The second way in which a second Trump term will be different than the first will be in the realm of regional proliferation. The groundwork for this was established with the signing of the Abraham Accords and the concurrent pledge from the U.S. to sell F-35s to the United Arab Emirates, but the concrete foundation was poured one week ago when Israeli Defense Minister Benny Gantz and U.S. Defense Secretary Mark Esper signed a joint statement reaffirming the American commitment to maintaining Israel’s qualitative military edge in the Middle East. Gantz flew home and confirmed that Israel was not going to object to the F-35 sale, and this set the stage for what will be an unprecedented weapons flow to a host of Middle Eastern states. The details of the U.S.-Israel agreement that allowed Israel to drop any objections to the Emirati F-35 deal are not public, but it is a commitment to sell more and likely new weapons to Israel in order to offset what the UAE will receive.

If that were the entire story, it would not be terribly noteworthy, particularly as the Emirati F-35s are out of range of Israel’s borders without external fuel tanks or refueling tankers, which are unlikely to be part of the package, and there are a host of ways in which the F-35s themselves can be fitted so that they do not create an insurmountable obstacle to Israel’s security in the event of a future hostile government. But this will not be the end of the story, as now that the UAE will be getting F-35s, the Saudis, Qataris, and Egyptians will want them too. If they don’t get them, the U.S. may provide them with other advanced fighters such as F-16s, or they may look to purchase alternative systems and equipment from Russia or China. This will create a rapidly spiraling escalation, and while Israel may be able to keep pace in some ways, the more advanced weaponry there is scattered throughout the Middle East, the harder this becomes. It also makes it trickier to determine to what extent Israel’s QME has been protected or eroded since that requires quantifying and measuring relative gains rather than absolute ones, a harder task when everyone’s capabilities are shooting upward. Weapons sales are the lubricant that the Trump administration has used for normalization agreements between Israel and other states, and may be an end in themselves given Trump’s oft-stated desire to sell more American-made weapons, and a second Trump term will see this dynamic further accelerate.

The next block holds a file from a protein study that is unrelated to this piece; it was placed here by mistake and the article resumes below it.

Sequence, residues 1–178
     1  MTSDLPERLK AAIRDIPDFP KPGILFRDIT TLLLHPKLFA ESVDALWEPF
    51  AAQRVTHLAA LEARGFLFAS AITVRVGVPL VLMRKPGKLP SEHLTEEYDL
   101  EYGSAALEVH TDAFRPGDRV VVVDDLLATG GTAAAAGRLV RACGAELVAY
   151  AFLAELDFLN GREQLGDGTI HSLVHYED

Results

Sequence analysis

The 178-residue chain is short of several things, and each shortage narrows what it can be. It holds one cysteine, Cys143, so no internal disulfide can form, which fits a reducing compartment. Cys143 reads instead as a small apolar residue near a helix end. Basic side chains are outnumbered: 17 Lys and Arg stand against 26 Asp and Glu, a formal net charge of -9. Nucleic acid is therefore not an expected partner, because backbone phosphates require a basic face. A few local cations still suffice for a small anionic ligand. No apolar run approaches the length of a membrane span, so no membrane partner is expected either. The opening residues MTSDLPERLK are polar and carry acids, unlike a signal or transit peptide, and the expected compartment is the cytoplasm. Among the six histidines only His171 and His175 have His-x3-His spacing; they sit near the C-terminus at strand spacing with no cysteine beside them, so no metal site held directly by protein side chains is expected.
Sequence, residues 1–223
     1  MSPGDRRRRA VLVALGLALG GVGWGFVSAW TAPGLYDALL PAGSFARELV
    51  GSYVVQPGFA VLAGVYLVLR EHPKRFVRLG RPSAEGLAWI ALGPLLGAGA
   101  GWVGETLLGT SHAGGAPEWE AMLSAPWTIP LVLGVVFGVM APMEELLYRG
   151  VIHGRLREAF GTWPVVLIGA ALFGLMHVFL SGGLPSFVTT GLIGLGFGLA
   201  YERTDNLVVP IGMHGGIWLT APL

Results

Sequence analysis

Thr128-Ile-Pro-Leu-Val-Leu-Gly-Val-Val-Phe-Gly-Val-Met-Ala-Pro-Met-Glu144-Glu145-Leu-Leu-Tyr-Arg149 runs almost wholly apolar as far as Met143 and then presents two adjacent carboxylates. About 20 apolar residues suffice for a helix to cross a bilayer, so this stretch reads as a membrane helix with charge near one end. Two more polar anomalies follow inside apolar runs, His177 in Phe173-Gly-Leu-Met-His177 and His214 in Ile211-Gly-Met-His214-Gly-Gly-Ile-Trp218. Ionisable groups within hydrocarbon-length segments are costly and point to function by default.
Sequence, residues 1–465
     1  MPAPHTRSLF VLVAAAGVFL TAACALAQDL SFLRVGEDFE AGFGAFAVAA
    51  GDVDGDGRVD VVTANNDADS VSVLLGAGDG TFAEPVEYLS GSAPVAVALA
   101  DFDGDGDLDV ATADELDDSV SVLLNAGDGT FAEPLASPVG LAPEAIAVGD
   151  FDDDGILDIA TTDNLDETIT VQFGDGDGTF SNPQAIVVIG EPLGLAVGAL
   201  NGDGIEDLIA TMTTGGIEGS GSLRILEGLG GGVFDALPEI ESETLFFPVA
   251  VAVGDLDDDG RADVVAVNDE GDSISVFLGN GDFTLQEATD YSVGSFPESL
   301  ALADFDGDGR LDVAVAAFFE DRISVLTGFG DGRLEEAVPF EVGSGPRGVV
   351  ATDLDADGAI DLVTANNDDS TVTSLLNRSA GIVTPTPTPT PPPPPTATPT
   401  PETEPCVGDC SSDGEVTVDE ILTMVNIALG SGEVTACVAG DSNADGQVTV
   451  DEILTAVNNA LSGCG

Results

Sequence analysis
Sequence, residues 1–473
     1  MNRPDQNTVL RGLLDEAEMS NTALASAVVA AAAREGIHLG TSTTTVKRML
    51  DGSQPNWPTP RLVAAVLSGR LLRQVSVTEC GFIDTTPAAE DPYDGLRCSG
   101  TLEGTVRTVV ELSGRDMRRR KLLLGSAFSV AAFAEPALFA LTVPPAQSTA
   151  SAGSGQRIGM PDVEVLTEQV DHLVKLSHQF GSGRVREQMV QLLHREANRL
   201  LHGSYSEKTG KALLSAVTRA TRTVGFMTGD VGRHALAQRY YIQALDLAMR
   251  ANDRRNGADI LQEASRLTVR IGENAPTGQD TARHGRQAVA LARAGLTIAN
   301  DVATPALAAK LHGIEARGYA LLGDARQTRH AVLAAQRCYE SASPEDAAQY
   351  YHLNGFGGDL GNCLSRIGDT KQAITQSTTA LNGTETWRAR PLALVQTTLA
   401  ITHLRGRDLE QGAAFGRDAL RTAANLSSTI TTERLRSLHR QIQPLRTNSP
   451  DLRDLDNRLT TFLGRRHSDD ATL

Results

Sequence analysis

One week from now, we will hopefully (though not definitely) know which man will be sitting in the Oval Office for the next four years. Should it be Trump, look for more of the same but taken to extreme conclusions.